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The officers cry in low tones, ‘steady men! steady, they are coming. Ready!’

The warning click of the hammers raised as the guns are cocked, run down the lines, a monetary solemn sound—for when you hear that, you know that the supreme moment has come.

The hill in our front shut out all view, but the advancing enemy were close on us, they were coming up the hill, the loud tones of their officers, the clanking of their equipments, and the steady tramp of the approaching host was easily distinguishable.

Then our Colonel said in a quiet calm tone, that was heard by all, ‘steady lads, steady! Seventeenth, don't fire until they get above the hill.’

Each man sighted his rifle about two feet above the crest, and then, with his finger on the trigger, waited until an advancing form came between the bead and the clear sky behind.

The first thing we saw appear was the gilt eagle that surmounted the pole, then the top of the flag, next the flutter of the Stars and Stripes itself slowly mounting—up it rose; then their hats came in sight; still rising, the faces emerged; next a range of curious eyes appeared, then such a hurrah as only the Yankee troops could give broke the stillness, and they surged towards us.

‘Keep cool, men—don't fire yet,’ shouted Colonel Corse; and such was their perfect discipline that not a gun replied. But when the bayonets flashed above the hill-top the forty-six muskets exploded at once, and sent a leaden shower full in the breasts of the attacking force, not over sixty yards distant. It staggered them—it was a murderous fire—and many fell; some of them struck for the rear, but the majority sent a stunning volley at us, and but for that fence there would have been hardly a man left alive. The rails, the posts, were shattered by the balls; but still it was a deadly one—fully one-half of the Seventeenth lay in their tracks; the balance that is left load and fire again and again, and for about ten minutes the unequal struggle is kept up. The attacking force against the First brigade, as I learned, was a full brigade, three thousand strong, and against our little remnant is a full regiment. What hope is there? None. And yet for the space of a few rounds the combat is kept up, the combatants not over thirty yards apart. We stood up against this force more from a blind dogged obstinacy than anything else, and gave back fire for fire, shot for shot, and death for death. But it was a pin's point against Pelides' spear. Our Colonel falls wounded;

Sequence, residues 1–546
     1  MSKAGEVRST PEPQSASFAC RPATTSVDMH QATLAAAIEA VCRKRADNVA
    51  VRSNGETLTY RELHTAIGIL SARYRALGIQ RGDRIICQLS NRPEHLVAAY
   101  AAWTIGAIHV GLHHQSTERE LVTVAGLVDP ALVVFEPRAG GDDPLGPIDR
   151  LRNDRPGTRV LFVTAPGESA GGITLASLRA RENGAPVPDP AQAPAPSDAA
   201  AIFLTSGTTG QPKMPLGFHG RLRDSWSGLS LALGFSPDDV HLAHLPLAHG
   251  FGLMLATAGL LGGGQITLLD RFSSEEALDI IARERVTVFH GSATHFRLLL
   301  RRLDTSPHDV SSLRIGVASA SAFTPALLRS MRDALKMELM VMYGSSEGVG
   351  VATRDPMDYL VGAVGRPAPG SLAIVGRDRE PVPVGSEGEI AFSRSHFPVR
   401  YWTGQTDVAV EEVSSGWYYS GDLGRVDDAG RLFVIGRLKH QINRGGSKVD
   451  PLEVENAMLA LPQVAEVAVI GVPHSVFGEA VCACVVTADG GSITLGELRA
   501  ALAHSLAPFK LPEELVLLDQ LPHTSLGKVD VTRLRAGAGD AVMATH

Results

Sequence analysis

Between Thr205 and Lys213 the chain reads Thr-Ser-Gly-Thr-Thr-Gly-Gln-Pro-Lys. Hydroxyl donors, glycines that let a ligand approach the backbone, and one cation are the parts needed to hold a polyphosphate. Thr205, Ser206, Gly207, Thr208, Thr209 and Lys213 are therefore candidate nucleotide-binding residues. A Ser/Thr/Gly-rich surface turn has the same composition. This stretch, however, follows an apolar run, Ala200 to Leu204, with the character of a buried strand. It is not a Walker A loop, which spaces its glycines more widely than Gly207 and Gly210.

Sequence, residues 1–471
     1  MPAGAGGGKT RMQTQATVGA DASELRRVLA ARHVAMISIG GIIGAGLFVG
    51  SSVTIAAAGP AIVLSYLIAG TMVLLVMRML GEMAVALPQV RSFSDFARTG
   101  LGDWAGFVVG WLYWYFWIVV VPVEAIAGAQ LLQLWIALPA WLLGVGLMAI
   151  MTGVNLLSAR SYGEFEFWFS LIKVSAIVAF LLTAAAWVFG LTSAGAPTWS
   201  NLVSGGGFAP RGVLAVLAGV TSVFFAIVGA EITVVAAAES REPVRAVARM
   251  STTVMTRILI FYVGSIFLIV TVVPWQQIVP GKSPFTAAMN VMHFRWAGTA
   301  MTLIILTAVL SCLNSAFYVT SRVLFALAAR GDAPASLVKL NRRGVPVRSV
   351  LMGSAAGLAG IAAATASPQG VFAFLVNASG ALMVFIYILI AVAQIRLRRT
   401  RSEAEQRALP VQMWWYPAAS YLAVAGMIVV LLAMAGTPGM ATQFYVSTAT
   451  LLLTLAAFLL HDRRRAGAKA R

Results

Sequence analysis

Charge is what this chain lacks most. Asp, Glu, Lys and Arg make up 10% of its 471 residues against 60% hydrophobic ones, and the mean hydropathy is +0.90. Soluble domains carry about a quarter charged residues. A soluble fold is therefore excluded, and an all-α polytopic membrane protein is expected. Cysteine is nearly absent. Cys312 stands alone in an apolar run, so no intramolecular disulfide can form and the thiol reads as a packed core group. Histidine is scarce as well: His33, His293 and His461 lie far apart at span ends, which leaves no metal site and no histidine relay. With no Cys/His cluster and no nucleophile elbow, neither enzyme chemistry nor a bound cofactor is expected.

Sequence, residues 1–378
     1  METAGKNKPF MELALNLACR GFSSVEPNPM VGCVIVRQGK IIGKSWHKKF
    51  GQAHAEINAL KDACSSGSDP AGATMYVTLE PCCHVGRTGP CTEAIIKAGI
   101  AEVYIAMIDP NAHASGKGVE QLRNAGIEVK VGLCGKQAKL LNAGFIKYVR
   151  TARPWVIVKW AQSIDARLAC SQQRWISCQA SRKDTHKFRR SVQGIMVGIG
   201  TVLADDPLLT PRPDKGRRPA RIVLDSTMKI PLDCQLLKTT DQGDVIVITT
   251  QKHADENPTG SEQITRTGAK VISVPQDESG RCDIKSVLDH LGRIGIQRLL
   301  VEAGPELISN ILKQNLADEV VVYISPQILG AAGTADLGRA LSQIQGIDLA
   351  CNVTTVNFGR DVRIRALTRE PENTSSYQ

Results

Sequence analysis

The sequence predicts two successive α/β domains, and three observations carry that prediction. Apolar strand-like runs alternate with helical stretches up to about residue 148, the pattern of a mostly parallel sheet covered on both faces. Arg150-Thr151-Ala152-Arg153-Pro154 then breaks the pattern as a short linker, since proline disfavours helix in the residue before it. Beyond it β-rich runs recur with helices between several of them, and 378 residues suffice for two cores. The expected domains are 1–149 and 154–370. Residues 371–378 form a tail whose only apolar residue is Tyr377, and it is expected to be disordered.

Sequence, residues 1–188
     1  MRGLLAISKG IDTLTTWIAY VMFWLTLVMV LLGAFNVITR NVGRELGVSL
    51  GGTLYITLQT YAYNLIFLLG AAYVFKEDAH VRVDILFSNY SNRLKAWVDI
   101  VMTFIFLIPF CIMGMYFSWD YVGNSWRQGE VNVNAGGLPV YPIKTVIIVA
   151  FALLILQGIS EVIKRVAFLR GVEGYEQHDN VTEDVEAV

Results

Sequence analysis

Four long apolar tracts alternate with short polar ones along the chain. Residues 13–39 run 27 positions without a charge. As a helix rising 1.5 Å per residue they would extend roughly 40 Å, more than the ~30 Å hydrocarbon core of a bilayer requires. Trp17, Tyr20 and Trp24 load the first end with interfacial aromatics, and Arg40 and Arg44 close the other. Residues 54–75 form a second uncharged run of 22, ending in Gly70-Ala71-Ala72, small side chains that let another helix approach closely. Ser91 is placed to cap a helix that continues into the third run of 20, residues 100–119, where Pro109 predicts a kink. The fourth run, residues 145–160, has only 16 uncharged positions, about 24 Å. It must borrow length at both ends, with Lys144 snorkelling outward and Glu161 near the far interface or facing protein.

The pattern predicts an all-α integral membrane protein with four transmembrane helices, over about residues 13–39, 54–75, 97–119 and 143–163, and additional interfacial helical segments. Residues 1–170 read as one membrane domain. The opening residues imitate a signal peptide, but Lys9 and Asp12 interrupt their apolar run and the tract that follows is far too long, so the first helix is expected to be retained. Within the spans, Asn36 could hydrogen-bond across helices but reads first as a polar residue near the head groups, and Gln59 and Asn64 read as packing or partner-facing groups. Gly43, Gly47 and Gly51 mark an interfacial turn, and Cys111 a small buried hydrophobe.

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Pelides (2)
M. D. Corse (2)
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